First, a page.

Astronomy (ASTR 1100)
This survey course introduces the objects and processes in the universe with particular emphasis on collections of ordinary matter like planets, stars, and galaxies; more exotic matter like pulsars, black holes, and dark matter; their interactions; and the human place in and responsibility to the environment and universe. You will explore stargazing, the scale of our universe, a brief history of astronomy, how astronomers know what they know, our solar system, comparative planetary environments, threats to our environment, the Greenhouse Effect, other solar systems, the birth, life and death of stars, dark matter and dark energy, and the origin and fate of our universe. This course includes two hours of required lab per week, which must be taken on campus.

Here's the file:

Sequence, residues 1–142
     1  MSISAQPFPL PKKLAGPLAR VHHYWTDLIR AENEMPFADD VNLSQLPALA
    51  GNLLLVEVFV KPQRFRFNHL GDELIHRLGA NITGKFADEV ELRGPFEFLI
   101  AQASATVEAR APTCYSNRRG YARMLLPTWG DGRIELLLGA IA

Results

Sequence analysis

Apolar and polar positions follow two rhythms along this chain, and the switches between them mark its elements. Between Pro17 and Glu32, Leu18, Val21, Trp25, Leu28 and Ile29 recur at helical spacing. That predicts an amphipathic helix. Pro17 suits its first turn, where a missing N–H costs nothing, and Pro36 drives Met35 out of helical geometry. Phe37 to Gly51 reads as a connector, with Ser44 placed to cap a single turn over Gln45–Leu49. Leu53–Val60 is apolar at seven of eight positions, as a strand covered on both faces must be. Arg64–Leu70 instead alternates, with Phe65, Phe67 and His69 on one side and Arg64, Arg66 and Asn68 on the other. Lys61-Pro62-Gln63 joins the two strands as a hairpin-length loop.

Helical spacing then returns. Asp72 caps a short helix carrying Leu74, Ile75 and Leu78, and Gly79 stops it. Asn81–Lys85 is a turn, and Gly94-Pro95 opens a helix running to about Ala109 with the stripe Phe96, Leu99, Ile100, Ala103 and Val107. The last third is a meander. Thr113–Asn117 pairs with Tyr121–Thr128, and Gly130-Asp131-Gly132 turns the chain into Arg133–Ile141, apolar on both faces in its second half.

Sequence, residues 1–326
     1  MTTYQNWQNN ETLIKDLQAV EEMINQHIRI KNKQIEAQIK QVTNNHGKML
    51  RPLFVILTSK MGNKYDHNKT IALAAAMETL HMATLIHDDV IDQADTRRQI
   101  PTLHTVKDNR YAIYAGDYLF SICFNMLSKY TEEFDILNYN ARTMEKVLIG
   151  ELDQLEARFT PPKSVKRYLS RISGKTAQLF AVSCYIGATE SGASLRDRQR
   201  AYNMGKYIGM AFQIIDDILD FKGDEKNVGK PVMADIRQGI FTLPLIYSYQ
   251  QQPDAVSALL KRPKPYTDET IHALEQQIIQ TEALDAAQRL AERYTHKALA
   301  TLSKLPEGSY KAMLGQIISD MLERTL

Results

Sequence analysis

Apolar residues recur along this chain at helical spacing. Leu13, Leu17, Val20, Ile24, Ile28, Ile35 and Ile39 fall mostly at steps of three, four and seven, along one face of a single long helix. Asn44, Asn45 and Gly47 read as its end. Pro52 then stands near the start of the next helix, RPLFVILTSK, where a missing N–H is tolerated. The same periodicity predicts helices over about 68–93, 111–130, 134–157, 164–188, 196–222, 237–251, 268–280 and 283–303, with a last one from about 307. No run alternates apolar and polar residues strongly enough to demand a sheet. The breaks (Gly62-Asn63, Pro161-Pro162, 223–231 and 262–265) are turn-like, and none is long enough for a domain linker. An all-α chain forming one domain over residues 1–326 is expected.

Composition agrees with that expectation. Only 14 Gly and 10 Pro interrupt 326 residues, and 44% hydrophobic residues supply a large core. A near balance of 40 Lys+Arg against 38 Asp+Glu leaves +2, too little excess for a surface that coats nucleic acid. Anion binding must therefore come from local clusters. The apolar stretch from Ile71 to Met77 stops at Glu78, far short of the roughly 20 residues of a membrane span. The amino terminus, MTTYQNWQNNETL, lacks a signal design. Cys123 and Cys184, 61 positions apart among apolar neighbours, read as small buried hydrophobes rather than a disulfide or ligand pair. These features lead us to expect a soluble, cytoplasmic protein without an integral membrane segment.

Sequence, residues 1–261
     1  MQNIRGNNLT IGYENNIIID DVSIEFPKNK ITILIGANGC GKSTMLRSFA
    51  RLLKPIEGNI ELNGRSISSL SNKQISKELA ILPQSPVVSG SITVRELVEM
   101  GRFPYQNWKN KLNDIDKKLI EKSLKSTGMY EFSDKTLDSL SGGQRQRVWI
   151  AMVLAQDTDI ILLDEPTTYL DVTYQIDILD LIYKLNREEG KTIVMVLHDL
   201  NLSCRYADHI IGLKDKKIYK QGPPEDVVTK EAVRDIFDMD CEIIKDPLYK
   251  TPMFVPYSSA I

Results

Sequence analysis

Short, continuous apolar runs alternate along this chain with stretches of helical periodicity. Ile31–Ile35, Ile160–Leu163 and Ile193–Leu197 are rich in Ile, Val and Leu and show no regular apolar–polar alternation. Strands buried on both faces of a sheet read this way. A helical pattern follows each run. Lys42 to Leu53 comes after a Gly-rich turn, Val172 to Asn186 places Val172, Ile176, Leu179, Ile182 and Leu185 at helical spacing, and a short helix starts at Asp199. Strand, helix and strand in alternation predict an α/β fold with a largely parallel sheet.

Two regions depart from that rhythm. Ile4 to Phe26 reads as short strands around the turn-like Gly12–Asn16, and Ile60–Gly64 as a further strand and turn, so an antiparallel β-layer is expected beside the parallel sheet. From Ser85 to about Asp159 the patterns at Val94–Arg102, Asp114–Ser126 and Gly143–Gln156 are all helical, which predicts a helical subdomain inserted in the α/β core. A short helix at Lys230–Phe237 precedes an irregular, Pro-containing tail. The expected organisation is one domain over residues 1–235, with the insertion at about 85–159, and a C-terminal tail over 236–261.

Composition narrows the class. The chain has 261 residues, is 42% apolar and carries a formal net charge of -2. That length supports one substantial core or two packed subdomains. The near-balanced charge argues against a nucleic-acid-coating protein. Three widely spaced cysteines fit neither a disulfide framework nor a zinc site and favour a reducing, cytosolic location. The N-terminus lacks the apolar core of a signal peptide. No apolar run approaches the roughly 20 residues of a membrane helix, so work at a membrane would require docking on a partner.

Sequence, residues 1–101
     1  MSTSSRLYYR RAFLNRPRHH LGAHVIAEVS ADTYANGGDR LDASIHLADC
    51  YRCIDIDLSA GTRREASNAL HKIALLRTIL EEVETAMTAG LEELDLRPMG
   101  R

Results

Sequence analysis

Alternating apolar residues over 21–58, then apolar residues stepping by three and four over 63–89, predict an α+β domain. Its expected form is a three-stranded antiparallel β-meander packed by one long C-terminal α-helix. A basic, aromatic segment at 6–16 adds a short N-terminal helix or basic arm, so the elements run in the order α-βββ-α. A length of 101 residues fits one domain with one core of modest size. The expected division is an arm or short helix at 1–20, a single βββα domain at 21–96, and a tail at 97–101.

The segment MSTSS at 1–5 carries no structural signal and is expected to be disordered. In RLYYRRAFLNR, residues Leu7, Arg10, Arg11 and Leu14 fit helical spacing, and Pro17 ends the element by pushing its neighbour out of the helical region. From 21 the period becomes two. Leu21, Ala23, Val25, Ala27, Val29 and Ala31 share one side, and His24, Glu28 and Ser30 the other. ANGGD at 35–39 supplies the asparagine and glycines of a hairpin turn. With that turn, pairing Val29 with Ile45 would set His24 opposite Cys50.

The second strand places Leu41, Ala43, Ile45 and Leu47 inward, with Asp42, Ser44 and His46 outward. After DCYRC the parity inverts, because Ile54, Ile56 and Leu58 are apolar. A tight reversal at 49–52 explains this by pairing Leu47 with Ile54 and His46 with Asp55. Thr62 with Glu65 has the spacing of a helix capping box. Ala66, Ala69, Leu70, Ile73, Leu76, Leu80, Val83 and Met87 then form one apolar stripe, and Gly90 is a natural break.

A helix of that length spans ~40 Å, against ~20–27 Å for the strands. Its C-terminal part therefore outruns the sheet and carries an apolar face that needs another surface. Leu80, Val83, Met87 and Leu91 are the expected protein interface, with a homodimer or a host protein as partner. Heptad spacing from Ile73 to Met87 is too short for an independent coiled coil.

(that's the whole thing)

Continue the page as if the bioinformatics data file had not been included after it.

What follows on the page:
1. Observing the day and night sky
2. The process of science and a brief history of astronomy
3. Waves, Spectra and the Doppler Effect
4. Our solar system
5. Birth, life and death of stars
6. Content, size, origin and fate of the universe
1. Illustrate, document, and explain various astronomical phenomena, collections of cosmic matter, motions, scaling, and sizes throughout the universe
2. Discuss the process of science, giving examples from both the history of astronomy and everyday life
3. Recognize, understand and explain types of spectra and different methods to measure speed and distance
4. Discuss the life and death of stars by outlining the current theory of how stars and planets form and the ways stars die
5. Give an overview of the Big Bang theory, including how it explains the evolution of the universe and include supporting evidence
6. Clearly document and interpret procedures, data, and conclusions in the laboratory exercises
Background in mathematics is recommended, but not required.